Reuters Health Information (2012-12-27): RFA with arterial chemoembolization improves hepatoma survival
RFA with arterial chemoembolization improves hepatoma survival
Last Updated: 2012-12-27 13:24:11 -0400 (Reuters Health)
NEW YORK (Reuters Health) - In patients with hepatocellular carcinoma, transcatheter arterial chemoembolization before radiofrequency ablation improved survival in a randomized trial, Chinese researchers say.
Although transcatheter arterial chemoembolization (TACE) and radiofrequency ablation (RFA) are each effective for early HCC, neither will adequately control medium or large HCC -- making their combined use appealing, Dr. Min-Shan Chen from Sun Yat-Sen University in Guangzhou and colleagues say in a report online December 26 in the Journal of Clinical Oncology.
TACE decreases blood flow to the tumor, they add, making subsequent RFA more effective
Dr. Koichiro Yamakado from Mie University School of Medicine, Mie, Japan has published widely on treatment of HCC. Dr. Yamakado, who was not involved in the Chinese study, told Reuters Health, "This paper is what I have been waiting for. Perhaps everybody has known that combination therapy is superior to RFA alone. This research is significant because it has shown the evidence."
The researchers compared long-term survival after treatment with TACE-RFA or RFA alone in a randomized trial of 189 patients with a solitary HCC no greater than 7 cm or up to three smaller HCC, each no greater than 3 cm.
Technical success of RFA was achieved in 91 of 94 patients in the TACE-RFA group and 92 of 95 patients in the RFA-only group.
After a median follow-up of 36 months, there was no significant difference in intrahepatic recurrence rates: 35.1% with TACE-RFA and 54.7% with RFA.
But overall survival was better in the TACE-RFA group (p=0.002) at one year (92.6% vs 85.3%), three years (66.6% vs 59.0%), and four years (61.8% vs 45.0%).
TACE-RFA patients also had better recurrence-free survival (p=0.009) at one year (79.4% vs 66.7%), three years (60.6% vs 44.2%), and four years (54.8% vs 38.9%).
Independent predictors of overall survival included treatment allocation, tumor size, and tumor number. Tumor number and treatment allocation also significantly predicted recurrence-free survival.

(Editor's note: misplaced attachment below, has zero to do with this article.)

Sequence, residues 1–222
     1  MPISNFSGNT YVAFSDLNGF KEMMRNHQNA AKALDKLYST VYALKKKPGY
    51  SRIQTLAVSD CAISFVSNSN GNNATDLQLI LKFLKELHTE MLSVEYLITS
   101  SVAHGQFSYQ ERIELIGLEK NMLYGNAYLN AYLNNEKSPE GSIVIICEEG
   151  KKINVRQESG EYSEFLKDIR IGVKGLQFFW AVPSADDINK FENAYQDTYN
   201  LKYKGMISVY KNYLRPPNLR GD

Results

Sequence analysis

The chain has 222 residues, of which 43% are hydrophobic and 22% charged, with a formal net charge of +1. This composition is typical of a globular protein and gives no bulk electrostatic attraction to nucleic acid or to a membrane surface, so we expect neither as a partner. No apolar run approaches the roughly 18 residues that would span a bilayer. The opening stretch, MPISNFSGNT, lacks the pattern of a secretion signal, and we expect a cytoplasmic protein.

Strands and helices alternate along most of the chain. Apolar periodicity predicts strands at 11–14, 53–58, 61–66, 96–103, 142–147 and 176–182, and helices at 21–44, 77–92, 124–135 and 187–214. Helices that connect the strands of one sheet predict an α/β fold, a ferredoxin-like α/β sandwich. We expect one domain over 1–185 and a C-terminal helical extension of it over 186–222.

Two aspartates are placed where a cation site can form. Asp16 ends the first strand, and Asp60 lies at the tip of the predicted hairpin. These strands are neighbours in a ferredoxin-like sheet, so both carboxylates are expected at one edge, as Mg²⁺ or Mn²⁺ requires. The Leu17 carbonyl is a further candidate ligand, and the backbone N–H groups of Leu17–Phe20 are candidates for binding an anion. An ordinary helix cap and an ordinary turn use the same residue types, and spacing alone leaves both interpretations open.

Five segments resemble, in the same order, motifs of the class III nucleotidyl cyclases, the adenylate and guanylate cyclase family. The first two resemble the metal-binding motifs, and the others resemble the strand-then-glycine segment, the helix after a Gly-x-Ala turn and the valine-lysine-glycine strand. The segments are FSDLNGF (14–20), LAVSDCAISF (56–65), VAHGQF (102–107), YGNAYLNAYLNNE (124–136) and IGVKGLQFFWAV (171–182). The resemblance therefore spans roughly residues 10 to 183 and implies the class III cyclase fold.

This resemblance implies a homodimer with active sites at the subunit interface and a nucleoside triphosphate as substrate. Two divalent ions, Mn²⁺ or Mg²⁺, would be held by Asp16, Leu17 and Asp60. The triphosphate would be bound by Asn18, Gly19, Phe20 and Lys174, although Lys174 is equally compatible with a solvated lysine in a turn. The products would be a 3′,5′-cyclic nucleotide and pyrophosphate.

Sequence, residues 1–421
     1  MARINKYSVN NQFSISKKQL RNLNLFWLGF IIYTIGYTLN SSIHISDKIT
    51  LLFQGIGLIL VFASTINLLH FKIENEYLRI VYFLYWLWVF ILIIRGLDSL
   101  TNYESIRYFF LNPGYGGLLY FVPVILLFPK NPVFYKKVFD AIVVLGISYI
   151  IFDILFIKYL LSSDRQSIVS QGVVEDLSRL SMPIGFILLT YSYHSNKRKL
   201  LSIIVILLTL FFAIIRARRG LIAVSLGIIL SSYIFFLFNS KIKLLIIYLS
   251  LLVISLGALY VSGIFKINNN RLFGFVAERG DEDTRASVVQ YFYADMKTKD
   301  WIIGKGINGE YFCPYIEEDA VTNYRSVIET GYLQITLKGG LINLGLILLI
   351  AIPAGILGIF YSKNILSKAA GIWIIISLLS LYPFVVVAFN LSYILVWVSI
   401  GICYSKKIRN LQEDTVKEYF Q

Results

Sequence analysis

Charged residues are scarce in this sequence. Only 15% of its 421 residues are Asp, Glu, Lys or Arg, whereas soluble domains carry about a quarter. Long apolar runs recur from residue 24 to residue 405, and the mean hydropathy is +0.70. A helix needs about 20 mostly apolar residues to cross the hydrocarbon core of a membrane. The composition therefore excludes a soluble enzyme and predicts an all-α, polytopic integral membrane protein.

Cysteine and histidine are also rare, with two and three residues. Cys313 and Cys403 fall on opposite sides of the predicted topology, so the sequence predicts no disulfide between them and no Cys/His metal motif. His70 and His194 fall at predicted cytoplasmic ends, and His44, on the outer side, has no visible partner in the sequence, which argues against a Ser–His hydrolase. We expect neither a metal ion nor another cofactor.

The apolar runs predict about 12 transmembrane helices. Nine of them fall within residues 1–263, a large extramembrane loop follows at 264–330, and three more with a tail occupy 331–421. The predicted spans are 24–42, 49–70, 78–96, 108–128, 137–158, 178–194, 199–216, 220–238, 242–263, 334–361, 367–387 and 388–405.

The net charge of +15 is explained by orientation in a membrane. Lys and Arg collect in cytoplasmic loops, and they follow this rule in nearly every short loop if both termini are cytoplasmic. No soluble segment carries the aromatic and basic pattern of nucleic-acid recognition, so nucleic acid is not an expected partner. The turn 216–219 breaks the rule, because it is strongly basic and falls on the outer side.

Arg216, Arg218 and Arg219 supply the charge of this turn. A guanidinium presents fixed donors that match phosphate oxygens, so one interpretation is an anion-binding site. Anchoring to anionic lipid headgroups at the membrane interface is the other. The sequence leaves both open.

Significant complications included bile duct stenosis and gastric hemorrhage in the TACE-RFA group and abdominal infection and small intestinal obstruction in the RFA group. There were no treatment-related deaths.
"The future standard of care for HCC treatable with RFA should shift toward the combination treatment," the investigators conclude.
"The study also provides evidence that altering the tumor microenvironment and supporting vasculature may help improve the efficacy of locoregional therapy in HCC," the authors say.
Needed next, they add, are studies of complementary therapies, "such as targeted agents in combination with TACE-RFA."
In the meantime, Dr. Yamakado said, "The reduced local tumor progression rate after combination therapy may lead to less cost because the cost of interventional radiologic treatment of HCC largely depends on the number of repeat procedures required."
"Now that good local control is achieved by combination therapy, additional use of sorafenib may be a next step to reduce multifocal recurrence and provide better survival," Dr. Yamakado said.
In an editorial, Dr. Andrew X. Zhu from Harvard Medical School in Boston and Dr. Riad Salem from Northwestern University in Chicago write, "Combining RFA and TACE can theoretically overcome the limitations of each when used alone. This study provides the rationale, safety profile, and early evidence of improved survival that lends support for conducting additional clinical trials to assess the indication and value of combined TACE-RFA."
Neither Dr. Chen nor Dr. Zhu responded to a request for comments about this research.
J Clin Oncol 2012.